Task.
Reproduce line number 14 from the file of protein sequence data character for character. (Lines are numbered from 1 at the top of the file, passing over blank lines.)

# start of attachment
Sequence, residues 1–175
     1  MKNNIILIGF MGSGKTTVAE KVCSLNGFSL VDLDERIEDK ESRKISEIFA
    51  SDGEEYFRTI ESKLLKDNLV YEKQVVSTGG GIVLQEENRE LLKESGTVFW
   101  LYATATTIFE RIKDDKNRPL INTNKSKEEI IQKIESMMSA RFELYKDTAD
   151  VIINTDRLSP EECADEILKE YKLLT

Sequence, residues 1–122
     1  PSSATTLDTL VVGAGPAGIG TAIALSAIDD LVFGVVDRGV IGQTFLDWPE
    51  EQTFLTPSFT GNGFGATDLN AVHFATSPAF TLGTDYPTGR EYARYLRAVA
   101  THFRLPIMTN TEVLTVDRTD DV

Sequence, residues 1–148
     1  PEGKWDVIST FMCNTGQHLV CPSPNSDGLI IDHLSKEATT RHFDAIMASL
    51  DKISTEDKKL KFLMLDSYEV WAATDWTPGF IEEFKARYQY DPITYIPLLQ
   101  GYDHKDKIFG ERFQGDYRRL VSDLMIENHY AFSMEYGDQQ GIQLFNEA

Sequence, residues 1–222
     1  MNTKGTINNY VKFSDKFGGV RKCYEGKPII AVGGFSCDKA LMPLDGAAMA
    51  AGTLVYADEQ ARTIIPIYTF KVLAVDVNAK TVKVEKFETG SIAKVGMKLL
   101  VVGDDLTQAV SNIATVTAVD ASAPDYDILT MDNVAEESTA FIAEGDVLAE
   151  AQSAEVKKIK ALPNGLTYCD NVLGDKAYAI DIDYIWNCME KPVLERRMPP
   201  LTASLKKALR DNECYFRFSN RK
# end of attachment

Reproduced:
Sequence, residues 1–222